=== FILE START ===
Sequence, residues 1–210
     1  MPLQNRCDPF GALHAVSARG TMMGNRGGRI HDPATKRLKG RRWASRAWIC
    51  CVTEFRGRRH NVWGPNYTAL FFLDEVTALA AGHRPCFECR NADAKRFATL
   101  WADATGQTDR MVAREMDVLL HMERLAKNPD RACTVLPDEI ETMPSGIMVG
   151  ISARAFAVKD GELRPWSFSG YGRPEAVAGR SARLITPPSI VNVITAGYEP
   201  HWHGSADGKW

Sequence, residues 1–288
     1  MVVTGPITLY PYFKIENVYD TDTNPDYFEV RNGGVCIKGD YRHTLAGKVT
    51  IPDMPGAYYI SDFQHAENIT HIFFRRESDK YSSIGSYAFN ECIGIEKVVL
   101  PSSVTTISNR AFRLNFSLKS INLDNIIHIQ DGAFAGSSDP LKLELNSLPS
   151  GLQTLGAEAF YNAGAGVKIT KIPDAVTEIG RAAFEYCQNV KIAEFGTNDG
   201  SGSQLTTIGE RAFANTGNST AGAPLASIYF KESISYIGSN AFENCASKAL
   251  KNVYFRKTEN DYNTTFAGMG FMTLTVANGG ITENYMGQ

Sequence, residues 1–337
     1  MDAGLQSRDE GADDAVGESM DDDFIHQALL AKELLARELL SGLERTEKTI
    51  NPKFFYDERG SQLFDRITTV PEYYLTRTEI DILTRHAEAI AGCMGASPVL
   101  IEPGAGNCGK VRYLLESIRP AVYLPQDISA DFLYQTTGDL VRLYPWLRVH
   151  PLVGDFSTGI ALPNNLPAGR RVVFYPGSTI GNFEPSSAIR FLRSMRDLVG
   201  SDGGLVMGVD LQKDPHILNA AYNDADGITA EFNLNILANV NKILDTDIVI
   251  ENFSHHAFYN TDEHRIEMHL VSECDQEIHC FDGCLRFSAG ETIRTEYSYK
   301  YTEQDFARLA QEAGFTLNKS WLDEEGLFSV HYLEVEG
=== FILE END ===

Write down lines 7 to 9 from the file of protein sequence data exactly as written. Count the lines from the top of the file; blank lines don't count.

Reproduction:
Sequence, residues 1–288
     1  MVVTGPITLY PYFKIENVYD TDTNPDYFEV RNGGVCIKGD YRHTLAGKVT
    51  IPDMPGAYYI SDFQHAENIT HIFFRRESDK YSSIGSYAFN ECIGIEKVVL